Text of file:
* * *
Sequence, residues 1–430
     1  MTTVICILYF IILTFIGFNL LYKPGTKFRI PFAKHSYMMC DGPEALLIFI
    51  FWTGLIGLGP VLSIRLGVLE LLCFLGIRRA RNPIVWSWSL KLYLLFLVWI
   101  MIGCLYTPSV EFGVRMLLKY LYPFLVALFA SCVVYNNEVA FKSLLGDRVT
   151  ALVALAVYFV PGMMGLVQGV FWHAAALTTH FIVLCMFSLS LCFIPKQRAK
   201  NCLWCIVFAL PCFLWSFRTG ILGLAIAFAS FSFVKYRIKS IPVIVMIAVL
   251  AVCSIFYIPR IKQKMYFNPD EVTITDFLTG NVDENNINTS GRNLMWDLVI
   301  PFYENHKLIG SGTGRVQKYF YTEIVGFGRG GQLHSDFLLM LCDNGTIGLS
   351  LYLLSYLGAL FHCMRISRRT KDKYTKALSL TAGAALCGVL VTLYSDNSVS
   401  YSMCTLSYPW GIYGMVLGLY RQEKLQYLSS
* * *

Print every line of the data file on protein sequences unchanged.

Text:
Sequence, residues 1–430
     1  MTTVICILYF IILTFIGFNL LYKPGTKFRI PFAKHSYMMC DGPEALLIFI
    51  FWTGLIGLGP VLSIRLGVLE LLCFLGIRRA RNPIVWSWSL KLYLLFLVWI
   101  MIGCLYTPSV EFGVRMLLKY LYPFLVALFA SCVVYNNEVA FKSLLGDRVT
   151  ALVALAVYFV PGMMGLVQGV FWHAAALTTH FIVLCMFSLS LCFIPKQRAK
   201  NCLWCIVFAL PCFLWSFRTG ILGLAIAFAS FSFVKYRIKS IPVIVMIAVL
   251  AVCSIFYIPR IKQKMYFNPD EVTITDFLTG NVDENNINTS GRNLMWDLVI
   301  PFYENHKLIG SGTGRVQKYF YTEIVGFGRG GQLHSDFLLM LCDNGTIGLS
   351  LYLLSYLGAL FHCMRISRRT KDKYTKALSL TAGAALCGVL VTLYSDNSVS
   401  YSMCTLSYPW GIYGMVLGLY RQEKLQYLSS